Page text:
How do we decide to call a place home?
Is home the house where we found ourselves when we were born, is it a place where we think we find our identities or is it a place where we constantly grow? Are we supposed to love our homes or hate them? Is home a house, a group of human beings, a city or an ethnicity or a country?
But most importantly, why do we all long for our homes? If we think about it, we all struggle to find ourselves some kind of home, a shelter from the world outside.
These are the questions that I keep dwelling on as my mother prepares to leave for a 15-hour flight back to Turkey, after a visit to Stanford because of an emergency I lived through. Knowing how hard it was for her to come here, I felt bad causing her this unexpected trip, but I now understand why she endured all this: I was her home. And now, having been exposed to the realities out in the world, I’m feeling the need to go back home too.
If someone had said that I would be homesick one month into college, I would tell them I was the last person who could miss her country. I am one of those people who believe that borders are arbitrary and that universal humanity should be the main concern, not hundreds of divisions. Because I believe in a philosophy where the concept “country” is unnatural and not helpful to the international community, I have always considered myself a “world citizen” and assumed I would be fine wherever I ended up going.
I stood, and still do stand, against the notions of patriotism and nationalism, reproaching them for constructing imagined communities and dividing the international community. I believed they distracted people away from focusing on issues like international human rights, universal ethics and the prioritization of human decency and humans as a united community. As a result, I assumed I was not going to miss my country and thus would not feel homesick.
I’m not going to lie: I did not think I loved my country when I left. I was scornful towards how dirty the main street with my high school was (and how certain areas in the city had become aesthetically displeasing), how I differed from many people in my city in my worldview, how I could not be fully open with my ethnic identity because of a decade-long discordance between two nations, how women were treated, how some societal norms (such as religion) were imposed upon everyone and how people delved straight into topics that were none of their business.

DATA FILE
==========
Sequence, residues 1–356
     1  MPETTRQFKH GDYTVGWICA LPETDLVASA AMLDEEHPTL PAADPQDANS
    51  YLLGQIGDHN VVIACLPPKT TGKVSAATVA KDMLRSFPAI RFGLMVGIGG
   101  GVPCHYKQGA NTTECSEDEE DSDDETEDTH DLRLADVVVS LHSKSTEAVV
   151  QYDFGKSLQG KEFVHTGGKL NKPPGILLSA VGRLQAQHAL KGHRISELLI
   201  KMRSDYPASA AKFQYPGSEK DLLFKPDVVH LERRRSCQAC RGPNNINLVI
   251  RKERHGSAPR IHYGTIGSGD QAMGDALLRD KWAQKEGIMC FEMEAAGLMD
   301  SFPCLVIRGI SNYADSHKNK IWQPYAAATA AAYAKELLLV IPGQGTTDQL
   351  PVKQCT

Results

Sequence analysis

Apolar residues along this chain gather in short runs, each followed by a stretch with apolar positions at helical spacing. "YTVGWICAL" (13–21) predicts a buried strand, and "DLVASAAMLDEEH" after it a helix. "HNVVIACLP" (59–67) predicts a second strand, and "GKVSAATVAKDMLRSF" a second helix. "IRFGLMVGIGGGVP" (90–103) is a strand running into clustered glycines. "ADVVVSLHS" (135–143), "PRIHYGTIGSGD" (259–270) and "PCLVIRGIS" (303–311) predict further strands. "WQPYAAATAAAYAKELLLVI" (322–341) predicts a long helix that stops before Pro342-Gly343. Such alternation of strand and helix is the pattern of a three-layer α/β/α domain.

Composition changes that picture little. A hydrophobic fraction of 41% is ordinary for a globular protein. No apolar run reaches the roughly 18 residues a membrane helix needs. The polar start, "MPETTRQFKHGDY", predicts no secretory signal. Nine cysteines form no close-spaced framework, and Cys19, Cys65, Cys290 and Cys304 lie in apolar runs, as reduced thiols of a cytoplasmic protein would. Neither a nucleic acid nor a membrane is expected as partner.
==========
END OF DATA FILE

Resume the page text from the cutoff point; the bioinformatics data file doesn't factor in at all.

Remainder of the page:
Here at Stanford, I was shocked to learn how wrong I was — not concerning my ideology regarding the world and not concerning my country’s current atmosphere, but about how these would cause me not to miss home. I could not see how these were irrelevant to my feelings of homesickness and my sense of belonging. I had missed it.
I did not know what home meant before coming to Stanford. My home was not the entire country, the city or the people, and certainly not the country’s politics. My home was my family, the feeling I got when I discovered new streets around my high school, that familiarity I felt when I interacted with people and, maybe most importantly, the skepticism I felt towards my surroundings.
For me, I realized, home is a place where I fight.
At home, I cared. I cared about how the city looked, how people thought and behaved and frankly, about all the dynamics surrounding me. I was raised to be a very critical person, so criticizing and being cynical was a normal process for me. When I grew out of this cynicism, I still knew, deep down, that being skeptical towards something and being mad over it were merely signs that showed I cared. And I did. For me, home was feelings more than anything else.
I used to say I was “sick of here” before leaving my home. Today when getting some work done, I had the exact same music playing in my headphones I had brutally criticized my closest friends for listening to. I got tearful over the smell when I made some of the coffee we used to drink at least once a week at home. I feel ambiguous towards the culture here, because I evidently find it mechanical and very “black and white” after living among very, very warm-blooded people my whole life. Here, it took me a while to notice that people do not necessarily mean it when they ask you “how are you doing?” or that they become perplexed when you tell them you are not doing okay or not necessarily feeling fine — as if those emotions did not exist, or if they do exist, as if they are not natural and need to be immediately resolved or it’s the end of the world. It is more about checking off boxes instead of connecting with people.
I’ve realized that the antagonism I felt towards my surroundings was not necessarily negative and that my home, which I missed immensely, was not composed of merely the things that used to annoy me back in my country: It was a special space that I had created. I’ve comprehended that it was a combination of shelter and internalization of the space.
Good news is, I’ve already stopped looking at Stanford as the dreamy top school I hoped I could get into and started getting real with my critique towards Stanford, as if it were becoming a part of my home. I am evaluating the student life, any resources that are listed for supporting students and wondering whether they are indeed helpful and adopting a questioning approach towards the campus culture, such as my reproach of the mechanical communication. The internalization, I have come to believe, begins with my perception of Stanford’s problems. It is a construction, it is a home.
Contact Gülin Ustabas at gulinu ‘at’ stanford.edu.